Airport security: Intent to deceive?

  title={Airport security: Intent to deceive?},
  author={Sharon Weinberger},
  • S. Weinberger
  • Published 1 May 2010
  • Political Science, Medicine
  • Nature
Can the science of deception detection help to catch terrorists? Sharon Weinberger takes a close look at the evidence for it. 
Finding a needle in a haystack: toward a psychologically informed method for aviation security screening.
This study provides the highest levels to date of deception detection in a realistic setting where the known base rate of deceptive individuals is low and in an in vivo double-blind randomized-control trial conducted in international airports.
From Detection to Surveillance: U.S. Lie Detection Regimes from the Cold War to the War on Terror
When the polygraph was developed in the early twentieth century, its creators promised a reliable security technology that would furnish mutual trust between individuals, in corporations, and between
Airport operations and security screening: An examination of social justice
Abstract Airports are a crucial part of the United States transportation system and airport officials are continuously challenged to ensure that their operations are secure. A major part of providing
Does hostile intent cause physiological changes? An airport security check simulation experiment
Investigating in a simulation experiment whether the initiation of a hostile project in an environment akin to airport security checkpoints would translate in variation of cardiac activity and the role of arousal and mental workload in threat detection found effects were more salient for the first traverses.
Detecting Deception across Cultures
This paper seeks to examine the possibility of detecting deception across cultures. Individuals from different countries (functioned like mock judges) assessed the veracity of statements made by
In-secure identities: On the securitization of abnormality
Highly securitized sites, such as airports, are increasingly using screening methods designed to purge racial profiling from their practices. In these contexts, not only are profiling methods seen as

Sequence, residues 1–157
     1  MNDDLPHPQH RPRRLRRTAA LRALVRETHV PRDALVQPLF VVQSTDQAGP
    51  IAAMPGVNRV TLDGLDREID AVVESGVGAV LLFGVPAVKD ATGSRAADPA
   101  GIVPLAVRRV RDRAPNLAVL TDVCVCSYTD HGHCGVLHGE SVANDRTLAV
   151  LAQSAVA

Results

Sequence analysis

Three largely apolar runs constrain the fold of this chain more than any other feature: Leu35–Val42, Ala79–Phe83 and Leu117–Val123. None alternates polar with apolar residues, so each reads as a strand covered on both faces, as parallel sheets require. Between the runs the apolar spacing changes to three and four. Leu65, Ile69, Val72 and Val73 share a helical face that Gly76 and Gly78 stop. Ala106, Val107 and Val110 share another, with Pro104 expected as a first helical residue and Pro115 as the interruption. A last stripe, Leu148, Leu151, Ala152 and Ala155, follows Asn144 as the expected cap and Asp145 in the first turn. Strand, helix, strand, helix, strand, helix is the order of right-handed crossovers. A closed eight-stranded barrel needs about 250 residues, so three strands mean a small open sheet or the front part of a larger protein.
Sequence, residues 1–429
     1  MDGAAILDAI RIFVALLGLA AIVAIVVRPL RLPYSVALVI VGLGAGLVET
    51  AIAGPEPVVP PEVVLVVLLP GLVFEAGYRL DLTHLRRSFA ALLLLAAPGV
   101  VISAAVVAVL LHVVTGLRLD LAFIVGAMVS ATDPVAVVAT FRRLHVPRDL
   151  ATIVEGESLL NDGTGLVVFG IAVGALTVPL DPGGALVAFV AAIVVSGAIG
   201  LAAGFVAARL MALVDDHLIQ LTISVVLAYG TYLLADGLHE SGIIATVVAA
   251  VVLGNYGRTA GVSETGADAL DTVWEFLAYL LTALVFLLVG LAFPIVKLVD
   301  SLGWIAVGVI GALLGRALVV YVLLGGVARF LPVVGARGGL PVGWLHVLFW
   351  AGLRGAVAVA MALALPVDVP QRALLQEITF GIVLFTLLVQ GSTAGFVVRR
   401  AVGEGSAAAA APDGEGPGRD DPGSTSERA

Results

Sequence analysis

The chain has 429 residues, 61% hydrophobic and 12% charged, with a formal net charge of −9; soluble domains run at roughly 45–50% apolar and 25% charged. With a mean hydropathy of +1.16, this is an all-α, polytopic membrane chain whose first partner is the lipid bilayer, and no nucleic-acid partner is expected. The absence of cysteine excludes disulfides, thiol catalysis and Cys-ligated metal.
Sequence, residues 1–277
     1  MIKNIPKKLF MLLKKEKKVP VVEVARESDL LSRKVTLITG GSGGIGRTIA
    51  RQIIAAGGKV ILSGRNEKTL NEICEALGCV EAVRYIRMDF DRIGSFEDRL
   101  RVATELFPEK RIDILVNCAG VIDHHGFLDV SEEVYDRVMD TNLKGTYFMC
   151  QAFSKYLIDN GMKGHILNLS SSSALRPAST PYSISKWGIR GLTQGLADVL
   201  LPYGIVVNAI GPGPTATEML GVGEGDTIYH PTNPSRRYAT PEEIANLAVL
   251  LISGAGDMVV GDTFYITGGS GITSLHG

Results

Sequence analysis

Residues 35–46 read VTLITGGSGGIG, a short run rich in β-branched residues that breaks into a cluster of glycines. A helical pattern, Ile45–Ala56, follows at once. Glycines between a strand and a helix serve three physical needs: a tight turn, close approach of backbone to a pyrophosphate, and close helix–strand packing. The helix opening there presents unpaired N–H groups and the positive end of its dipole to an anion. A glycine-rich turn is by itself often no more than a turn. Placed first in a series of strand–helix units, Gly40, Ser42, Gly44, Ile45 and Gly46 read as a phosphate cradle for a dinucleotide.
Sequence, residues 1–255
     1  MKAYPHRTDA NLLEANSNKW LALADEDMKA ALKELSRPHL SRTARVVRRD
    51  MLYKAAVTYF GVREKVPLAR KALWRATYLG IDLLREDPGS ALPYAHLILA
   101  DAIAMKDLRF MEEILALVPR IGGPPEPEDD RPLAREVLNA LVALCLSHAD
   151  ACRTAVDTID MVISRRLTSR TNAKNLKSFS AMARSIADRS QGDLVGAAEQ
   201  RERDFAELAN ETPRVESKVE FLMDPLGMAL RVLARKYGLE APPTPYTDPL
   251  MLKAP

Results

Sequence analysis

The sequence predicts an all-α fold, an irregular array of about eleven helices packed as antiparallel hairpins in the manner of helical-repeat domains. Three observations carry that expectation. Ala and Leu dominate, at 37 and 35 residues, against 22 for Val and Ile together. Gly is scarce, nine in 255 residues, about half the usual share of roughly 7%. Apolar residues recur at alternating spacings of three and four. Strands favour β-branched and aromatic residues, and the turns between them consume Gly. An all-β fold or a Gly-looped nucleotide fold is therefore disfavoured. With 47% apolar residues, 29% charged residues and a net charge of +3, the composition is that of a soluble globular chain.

Devices of Lie Detection as Diegetic Technologies in the “War on Terror”
Although lie detection procedures have been fundamentally criticized since their inception at the beginning of the 20th century, they are still in use around the world. In addition, they have created
Assessing Law Enforcement Performance in Behavior-Based Threat Detection Tasks Involving a Concealed Weapon or Device
Given the frequency with which officers are asked to assess the concealment of weapons or devices, and therein to identify threats, the findings suggest the need for additional research to explore various factors likely related to performance on such tasks.
Aviation security by consent using the Controlled Cognitive Engagement (CCE) alternative screening programme
Abstract Aviation security measures rely on public acceptance of the trade-off between civil liberties and public protection. Currently, all aviation passengers travelling to the US on an American
Sender Demeanor: Individual Differences in Sender Believability Have a Powerful Impact on Deception
Sender demeanor is an individual difference in the believability of message senders that is conceptually independent of actual honesty. Recent research suggests that sender demeanor may be the most


Who can catch a liar?
The ability to detect lying was evaluated in 509 people including law-enforcement personnel, such as members of the U.S. Secret Service, Central Intelligence Agency, Federal Bureau of Investigation,
Decreased respiratory sinus arrhythmia in individuals with deceptive intent.
The results show that a decrease in RSA recorded during the cognitive testing was greater in individuals who were about to commit a deceptive act.
A Few Can Catch a Liar
Research suggests that most people cannot tell from demeanor when others are lying. Such poor performance is typical not only of laypeople but also of most professionals concerned with lying. In this
Detecting true and false opinions: The Devil's Advocate approach as a lie detection aid.
It is concluded that the Devil's Advocate approach is a promising lie detection approach that deserves attention in future research.
Commentary a few can catch a liar, sometimes: Comments on Ekman and O'Sullivan (1991), as well as Ekman, O'Sullivan, and Frank (1999)
In two influential articles, Paul Ekman and associates have determined 'who can catch a liar' and reported that 'a few can catch a liar'. The current article seeks to clarify these contributions. It